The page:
Want to know what’s the best way to strengthen your mid-section and back?
There’s one core exercise that will help you achieve that “bullet-proof” torso…
Confused? Then it’s time for a little lesson.
There’s an awesome saying by Pavel Tsatsouline in his book Power to the People in which he asks “would you fire a cannon from a canoe?” Well, would you? I think not! Just imagine what would happen – you and your cannon would flip right into the water!
Now would you do the same thing to your own body? That is, would you undergo a large amount of force while your body is weak and unstable? No!
So why would you round your back over to pick up a box? Or twist your spine to reach something behind you? Or perform endless crunches to “strengthen” your core?
Crunches are not the best core exercise, as popular as it is anyway. I believe there’s no good reason to engage your core in a bunch of active-movement. This is because humans have ankles, knees, hips, shoulders, elbows, and wrists – joints that exist to produce movement.
Look at weightlifters and one of their exercises, the deadlift. Here’s a 783lb deadlift, for example.
Notice how much movement occurs in his hips and knees. There’s probably around 60 degrees of movement in the knees (from the bottom of the lift until the top), and around 110 degrees in the hips??? And in the back, there’s a couple degrees of movement, simply because this is a 1-rep max lift for the lifter in the video. Anything lighter of a weight would most likely ensure this lifter’s spine is immobile during the deadlift.
Now, why would an elite lifter want to use joints other than his back to move a heavy load? I’ll tell you why. It’s because the muscles operating in hip extension and knee extension (AKA, the deadlift) are BIG, STRONG MUSCLES! In addition to that, these joints are fairly stable – the knee is essentially a hinge-joint, and the hip is a slightly-more-complicated ball-and-socket joint.
Joints like the knees and hips are meant to MOVE! Now, let’s take a look at the core.
You’ve essentially got 30-something vertebrae creating 30-something little joints along the spine. These joints contain disks that are quite prone to herniation or rupture. Right next to the spine, you’ve got a bunch of vital organs. Finally, the organs and spine are encased in a “girdle” of flat, long muscles.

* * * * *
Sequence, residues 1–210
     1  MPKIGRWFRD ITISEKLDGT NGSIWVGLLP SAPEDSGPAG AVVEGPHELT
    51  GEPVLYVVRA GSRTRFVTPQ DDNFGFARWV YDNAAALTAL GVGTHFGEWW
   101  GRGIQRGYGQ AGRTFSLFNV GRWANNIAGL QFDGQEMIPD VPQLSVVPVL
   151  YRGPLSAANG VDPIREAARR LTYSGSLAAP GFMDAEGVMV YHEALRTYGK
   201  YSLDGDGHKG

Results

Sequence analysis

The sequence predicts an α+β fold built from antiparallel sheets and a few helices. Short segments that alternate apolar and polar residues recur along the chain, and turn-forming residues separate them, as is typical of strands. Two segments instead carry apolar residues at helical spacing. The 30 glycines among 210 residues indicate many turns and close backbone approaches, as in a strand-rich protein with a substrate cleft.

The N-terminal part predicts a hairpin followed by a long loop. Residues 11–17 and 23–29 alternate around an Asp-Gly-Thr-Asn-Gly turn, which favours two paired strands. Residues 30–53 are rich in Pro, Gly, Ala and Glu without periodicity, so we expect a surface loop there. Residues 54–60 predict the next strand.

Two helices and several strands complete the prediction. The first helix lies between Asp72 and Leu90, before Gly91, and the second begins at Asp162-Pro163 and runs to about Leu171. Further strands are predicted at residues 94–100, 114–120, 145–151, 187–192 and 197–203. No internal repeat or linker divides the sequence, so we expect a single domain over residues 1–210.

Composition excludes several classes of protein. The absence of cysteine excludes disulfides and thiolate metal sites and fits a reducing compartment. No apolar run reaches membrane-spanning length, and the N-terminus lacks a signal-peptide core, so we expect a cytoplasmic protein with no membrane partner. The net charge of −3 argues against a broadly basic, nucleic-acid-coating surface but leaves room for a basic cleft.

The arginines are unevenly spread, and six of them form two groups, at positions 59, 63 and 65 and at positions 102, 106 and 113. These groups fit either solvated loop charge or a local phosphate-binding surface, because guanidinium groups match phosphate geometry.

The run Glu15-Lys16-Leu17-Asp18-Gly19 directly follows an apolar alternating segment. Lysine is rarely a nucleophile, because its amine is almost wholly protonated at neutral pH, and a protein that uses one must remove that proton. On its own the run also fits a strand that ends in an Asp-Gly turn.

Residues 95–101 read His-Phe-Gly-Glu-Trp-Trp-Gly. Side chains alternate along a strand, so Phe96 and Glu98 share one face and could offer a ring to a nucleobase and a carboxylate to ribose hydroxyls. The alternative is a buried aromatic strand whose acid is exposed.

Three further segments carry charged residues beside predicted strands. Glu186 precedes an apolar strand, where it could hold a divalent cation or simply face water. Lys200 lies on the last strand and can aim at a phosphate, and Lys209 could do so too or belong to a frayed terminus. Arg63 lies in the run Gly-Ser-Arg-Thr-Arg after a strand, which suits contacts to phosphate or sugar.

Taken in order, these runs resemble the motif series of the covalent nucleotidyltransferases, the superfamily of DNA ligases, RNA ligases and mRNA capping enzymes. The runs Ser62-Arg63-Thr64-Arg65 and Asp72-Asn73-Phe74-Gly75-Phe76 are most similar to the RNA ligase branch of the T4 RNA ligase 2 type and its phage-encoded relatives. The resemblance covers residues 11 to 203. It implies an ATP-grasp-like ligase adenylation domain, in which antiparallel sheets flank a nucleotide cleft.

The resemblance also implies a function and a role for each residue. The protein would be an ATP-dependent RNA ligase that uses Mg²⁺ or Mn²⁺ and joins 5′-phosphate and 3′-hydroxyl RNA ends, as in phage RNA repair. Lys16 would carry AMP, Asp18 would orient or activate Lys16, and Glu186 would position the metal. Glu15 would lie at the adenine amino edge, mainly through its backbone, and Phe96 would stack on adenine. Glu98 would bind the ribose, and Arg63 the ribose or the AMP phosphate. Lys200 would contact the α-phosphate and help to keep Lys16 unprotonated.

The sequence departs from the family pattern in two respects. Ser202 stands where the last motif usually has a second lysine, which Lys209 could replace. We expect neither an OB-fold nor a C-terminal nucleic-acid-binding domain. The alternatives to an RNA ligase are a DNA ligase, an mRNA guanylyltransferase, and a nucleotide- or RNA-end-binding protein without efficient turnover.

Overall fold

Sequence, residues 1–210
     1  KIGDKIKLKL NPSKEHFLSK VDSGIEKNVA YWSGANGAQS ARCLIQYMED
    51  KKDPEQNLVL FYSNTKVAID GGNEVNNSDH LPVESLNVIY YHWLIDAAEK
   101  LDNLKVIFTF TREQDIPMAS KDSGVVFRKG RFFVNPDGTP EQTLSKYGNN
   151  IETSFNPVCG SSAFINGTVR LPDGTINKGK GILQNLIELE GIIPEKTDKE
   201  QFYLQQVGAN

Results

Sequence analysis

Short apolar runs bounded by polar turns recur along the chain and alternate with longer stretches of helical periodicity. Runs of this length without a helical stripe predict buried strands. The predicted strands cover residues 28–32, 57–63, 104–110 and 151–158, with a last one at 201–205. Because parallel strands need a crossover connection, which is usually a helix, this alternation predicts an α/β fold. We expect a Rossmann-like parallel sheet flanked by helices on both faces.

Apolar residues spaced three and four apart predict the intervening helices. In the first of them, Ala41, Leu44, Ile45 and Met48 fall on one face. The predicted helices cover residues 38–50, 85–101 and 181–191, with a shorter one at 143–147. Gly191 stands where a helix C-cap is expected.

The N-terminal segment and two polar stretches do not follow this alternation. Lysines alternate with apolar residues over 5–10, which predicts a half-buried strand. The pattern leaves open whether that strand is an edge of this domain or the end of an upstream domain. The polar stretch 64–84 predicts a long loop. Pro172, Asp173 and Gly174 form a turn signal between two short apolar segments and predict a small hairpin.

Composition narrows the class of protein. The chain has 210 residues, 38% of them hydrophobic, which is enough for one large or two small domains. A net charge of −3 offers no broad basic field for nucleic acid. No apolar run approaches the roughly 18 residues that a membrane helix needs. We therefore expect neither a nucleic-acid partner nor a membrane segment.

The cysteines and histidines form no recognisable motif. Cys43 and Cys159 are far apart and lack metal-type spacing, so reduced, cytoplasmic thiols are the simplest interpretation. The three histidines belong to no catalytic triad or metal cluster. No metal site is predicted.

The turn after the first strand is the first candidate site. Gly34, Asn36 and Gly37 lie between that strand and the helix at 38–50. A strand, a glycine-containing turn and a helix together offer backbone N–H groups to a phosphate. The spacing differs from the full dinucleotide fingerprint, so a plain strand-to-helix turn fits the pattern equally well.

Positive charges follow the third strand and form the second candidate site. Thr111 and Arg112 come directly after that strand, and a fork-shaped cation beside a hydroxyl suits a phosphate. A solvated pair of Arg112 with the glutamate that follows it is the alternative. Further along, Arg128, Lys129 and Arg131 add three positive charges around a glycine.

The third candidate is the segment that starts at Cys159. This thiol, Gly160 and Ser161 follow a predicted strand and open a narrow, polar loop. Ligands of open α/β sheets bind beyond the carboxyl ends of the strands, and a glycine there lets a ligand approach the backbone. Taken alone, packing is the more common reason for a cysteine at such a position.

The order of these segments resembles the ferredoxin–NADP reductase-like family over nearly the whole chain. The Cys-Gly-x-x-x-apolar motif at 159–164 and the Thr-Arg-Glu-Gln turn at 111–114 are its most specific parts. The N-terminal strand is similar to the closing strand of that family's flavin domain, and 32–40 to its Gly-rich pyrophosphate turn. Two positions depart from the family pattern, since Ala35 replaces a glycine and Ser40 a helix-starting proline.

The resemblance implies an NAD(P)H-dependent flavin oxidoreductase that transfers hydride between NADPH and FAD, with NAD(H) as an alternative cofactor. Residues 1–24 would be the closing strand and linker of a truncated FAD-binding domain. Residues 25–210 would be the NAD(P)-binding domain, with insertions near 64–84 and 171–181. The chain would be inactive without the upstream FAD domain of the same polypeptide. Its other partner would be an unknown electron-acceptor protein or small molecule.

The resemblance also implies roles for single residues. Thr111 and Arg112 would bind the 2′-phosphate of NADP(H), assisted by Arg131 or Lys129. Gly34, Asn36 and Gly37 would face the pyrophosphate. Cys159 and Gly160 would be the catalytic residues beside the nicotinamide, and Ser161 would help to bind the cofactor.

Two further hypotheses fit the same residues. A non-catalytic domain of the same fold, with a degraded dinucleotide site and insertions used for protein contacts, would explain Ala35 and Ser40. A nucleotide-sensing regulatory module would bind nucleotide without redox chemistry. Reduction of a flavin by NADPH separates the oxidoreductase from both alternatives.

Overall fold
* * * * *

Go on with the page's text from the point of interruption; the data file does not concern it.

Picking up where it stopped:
Now, which seems more sensible?
A) Using a less-complex joint operated by powerful muscles to move a load.
B) Using a more complex-joint(s) that’s prone to injury, surrounded by vital organs, and operated by weaker/smaller muscles, to move a load.
I hope you chose letter A. Would you generate force and movement from your powerful knees/hips/shoulders, or from your delicate torso? It just makes a lot of sense to leave the heavy work to the big guns.
Now that we understand our more powerful and stable joints are better-suited for generating force, what does stiffness have to do with all this? And what about “firing a canon from a canoe?”
Firing a cannon from a canoe could represent generating force from the strong and stable joints (the cannon) with a weak, loose torso (the canoe). Firing a cannon from a warship, however could represent generating force from the joints with a strong, stiff torso. The torso transmits the force, instead of generating it.
The core’s job is to stay tight and stiff to protect its own contents and transmit force, while its stronger cousins do all the movement. So how about the best core exercise?
Squats – core stiff and straight.
Deadlifts – core stiff and straight.
Planks – core stiff and straight.
Suitcase carries – core stiff and straight.
Rollouts – core stiff and straight.
Overhead presses – core stiff and straight.
Pushups – core stiff and straight.
Do you see a pattern here?
All of these “core” exercises require your torso to be stiff and straight. Now that I told you what are the best core exercises, go enjoy your bullet-proof abs and back.
Keep an eye out the the rest of this article-series!